by Holly Dixon Hasselbarth
The tall, grey-haired driver waits for me as I step out of the airport in Florence, Italy. As an independent traveler, I have no idea what to expect as the car winds its way through the tiny town of Lastra a Signa and finally to the gates of Villa Pandolfini.
A friendly Australian introduces herself as Meaghan, the proprietress of Villa Pandolfini and the cooking school. She shows me my one-bedroom villa and invites me to dinner at 8 pm.
Of course, I show up at 8 pm and am told by the staff, “Dinner in Italy starts never starts on time. Can you come back in half an hour?”
At dinner, Meaghan introduces me to the other cooking school students. Besides myself, there is Vicky, a nurse, and Stefano, a restaurateur from California with his wife. We all are devotees of Tuscan cooking and anticipate the week’s activities.
The two master chefs, Lisa Marie and Maurizio, introduce themselves at dinner. The 5-course meal begins with a sparkling wine and a savory leek and salmon tart. Asparagus risotto is next, just before the main course of sea bass fillets over potato shavings and sliced almonds. A salad of mixed greens, apples and pine nuts follows and wine accompanies each course. Crema buciata is our decadent dessert. Assorted cheeses and fresh strawberries sprinkled with balsamic vinegar are offered to compliment our after-dinner drink of grappa.
It is after midnight by the time we are done laughing and talking. We are grateful that the cooking school starts at 10 am the next day and look forward to a restful night.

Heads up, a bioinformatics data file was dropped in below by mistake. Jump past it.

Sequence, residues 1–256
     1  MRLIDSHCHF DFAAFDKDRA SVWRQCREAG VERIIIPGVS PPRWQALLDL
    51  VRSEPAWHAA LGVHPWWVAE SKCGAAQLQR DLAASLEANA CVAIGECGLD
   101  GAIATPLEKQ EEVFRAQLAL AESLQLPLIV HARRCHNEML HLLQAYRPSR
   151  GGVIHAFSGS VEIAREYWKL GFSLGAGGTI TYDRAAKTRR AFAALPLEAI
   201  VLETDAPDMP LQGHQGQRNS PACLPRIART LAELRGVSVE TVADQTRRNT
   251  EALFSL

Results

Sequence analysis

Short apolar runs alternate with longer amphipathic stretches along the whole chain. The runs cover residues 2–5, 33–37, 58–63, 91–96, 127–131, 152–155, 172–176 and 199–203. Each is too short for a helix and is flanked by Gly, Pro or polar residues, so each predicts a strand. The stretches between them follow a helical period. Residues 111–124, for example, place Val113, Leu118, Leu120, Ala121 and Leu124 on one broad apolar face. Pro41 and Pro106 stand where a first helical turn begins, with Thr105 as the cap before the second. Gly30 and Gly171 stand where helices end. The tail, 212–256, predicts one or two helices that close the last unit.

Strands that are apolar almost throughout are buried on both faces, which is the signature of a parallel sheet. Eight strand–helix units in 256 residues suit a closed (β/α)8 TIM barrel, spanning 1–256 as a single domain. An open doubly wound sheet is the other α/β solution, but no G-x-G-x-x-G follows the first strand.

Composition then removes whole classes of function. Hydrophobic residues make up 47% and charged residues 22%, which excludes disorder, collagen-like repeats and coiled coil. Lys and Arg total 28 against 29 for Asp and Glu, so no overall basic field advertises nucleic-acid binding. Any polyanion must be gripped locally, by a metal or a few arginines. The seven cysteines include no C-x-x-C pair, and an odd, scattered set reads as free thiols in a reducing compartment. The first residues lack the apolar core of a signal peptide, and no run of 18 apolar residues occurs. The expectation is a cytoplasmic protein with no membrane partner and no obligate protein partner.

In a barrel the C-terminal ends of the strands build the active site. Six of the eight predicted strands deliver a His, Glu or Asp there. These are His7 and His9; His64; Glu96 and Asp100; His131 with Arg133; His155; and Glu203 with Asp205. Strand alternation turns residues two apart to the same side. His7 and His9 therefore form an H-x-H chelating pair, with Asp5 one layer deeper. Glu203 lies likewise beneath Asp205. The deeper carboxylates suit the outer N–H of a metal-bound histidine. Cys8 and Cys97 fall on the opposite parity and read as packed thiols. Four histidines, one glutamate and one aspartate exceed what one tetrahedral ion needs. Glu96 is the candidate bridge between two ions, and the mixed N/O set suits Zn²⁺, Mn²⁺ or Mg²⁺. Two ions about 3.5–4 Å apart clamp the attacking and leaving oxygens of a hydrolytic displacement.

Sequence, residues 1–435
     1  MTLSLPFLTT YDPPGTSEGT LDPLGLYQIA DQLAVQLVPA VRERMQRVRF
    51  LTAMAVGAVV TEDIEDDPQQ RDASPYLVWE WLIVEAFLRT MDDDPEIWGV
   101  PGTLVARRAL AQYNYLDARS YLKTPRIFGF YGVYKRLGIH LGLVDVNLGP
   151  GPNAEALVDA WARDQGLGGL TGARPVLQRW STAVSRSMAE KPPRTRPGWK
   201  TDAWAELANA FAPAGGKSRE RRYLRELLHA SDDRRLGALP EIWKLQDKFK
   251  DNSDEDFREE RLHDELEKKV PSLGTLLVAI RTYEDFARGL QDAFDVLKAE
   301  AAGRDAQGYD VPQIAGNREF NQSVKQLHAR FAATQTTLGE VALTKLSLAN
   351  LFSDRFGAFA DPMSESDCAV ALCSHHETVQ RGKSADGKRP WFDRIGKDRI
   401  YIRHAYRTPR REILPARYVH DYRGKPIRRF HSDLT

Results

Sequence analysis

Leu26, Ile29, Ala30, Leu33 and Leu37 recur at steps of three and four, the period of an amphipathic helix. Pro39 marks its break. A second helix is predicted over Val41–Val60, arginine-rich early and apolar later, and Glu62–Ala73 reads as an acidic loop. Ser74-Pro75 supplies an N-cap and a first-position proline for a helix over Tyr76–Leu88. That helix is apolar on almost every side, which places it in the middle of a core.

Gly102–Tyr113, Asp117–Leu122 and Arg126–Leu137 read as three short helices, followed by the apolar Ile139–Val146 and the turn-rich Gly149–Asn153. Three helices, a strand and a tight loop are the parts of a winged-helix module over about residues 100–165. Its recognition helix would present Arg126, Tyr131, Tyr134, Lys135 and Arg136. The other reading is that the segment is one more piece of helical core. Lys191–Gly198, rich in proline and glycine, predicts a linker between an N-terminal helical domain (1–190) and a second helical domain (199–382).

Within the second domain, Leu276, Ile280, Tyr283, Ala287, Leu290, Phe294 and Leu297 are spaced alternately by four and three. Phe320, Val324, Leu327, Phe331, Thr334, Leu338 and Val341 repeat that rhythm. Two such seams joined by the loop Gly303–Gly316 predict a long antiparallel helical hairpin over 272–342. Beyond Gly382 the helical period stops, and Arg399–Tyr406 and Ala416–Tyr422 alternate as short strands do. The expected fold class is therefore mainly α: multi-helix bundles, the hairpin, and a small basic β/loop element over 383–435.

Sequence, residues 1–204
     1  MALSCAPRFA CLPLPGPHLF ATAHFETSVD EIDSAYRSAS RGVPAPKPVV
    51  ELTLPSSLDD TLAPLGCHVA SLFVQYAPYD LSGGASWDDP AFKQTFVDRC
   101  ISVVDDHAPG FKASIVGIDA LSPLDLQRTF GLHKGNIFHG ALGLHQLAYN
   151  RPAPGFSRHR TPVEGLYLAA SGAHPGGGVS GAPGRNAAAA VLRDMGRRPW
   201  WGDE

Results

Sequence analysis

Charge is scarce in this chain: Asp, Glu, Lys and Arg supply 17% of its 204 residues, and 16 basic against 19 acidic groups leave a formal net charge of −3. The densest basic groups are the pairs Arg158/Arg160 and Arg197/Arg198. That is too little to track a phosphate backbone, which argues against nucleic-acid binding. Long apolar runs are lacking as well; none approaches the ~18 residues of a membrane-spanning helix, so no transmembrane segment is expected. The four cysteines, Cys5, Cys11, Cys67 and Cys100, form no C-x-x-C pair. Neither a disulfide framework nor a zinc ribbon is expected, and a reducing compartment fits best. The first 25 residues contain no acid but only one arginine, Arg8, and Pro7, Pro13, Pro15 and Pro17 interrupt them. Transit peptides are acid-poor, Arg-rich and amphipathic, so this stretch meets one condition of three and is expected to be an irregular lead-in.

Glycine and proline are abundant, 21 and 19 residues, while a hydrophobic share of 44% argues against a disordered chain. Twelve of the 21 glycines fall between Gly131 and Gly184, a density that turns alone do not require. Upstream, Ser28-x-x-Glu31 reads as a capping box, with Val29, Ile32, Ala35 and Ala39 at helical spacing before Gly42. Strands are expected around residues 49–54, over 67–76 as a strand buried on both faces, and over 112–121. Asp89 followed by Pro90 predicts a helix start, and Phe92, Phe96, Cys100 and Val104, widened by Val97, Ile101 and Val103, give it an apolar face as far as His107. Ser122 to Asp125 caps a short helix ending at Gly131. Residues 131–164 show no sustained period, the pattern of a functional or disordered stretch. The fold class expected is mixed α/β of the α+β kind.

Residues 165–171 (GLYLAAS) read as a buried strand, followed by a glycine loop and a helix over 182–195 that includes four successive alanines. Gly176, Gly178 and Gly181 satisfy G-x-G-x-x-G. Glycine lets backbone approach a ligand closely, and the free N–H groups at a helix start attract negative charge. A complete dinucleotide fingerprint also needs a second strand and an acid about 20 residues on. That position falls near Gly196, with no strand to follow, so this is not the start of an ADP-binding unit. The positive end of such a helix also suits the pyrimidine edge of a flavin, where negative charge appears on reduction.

On our first day, Chef Lisa Marie takes us on a tour of the grounds where we pick fresh bay leaf, basil, sage, rosemary and thyme. She tells us that the villa produces its own olive oil and wine, and that no chemicals are used during their cultivation.
Back inside, Chef Lisa Marie writes the 5-course menu on a chalkboard as we don our aprons. She asks what kind of music everyone likes and loads up the CD player. We learn how to soak the stale bread in vinegar and water for the panzella. She brings out the ingredients for our walnut/eggplant ravioli. As we form an assembly line to prepare the ravioli, I ask, “Who knew cooking could be so much fun?”
Three hours later, Chef Lisa Marie opens the wine and hands out some bruschetta. By 2:00 pm we sit down to the meal that we just prepared. We are almost (but not quite) too full to sample the tiramisu.
Two days during the week are free days with no classes. On the first day, Chef Maurizio escorts us to the Mercato di San Lorenzo in Florence. This is the central market with stalls of fresh foods. He takes us to an olive oil tasting, cheese tasting, balsamic vinegar tasting and, of course, wine tasting. This region is famous for their Brunello, Chianti, Carmignano and Vino Nobile wines. Shopping is so much easier when each vendor or winery can ship directly to your home.
For lunch, we choose to stop into COIN, a large department store located on Via dei Calzauoli. Chef Maurizio suggests the rooftop restaurant, more for the 360 degree view of Florence than the food. However, I am happy just to have a salad and mineral water.
The afternoon is free to visit the museums such as the Uffizi Gallery or bargain amid the street vendors. I opt for the Ponte Vecchio and purchase a trinket from one of the jewelry shops.
The next couple of days has a few more surprises in the cooking school. Additional students join for one-day classes. We meet an engineer from Ireland and his wife from Sweden. A couple, on vacation from Seattle, also joins the class.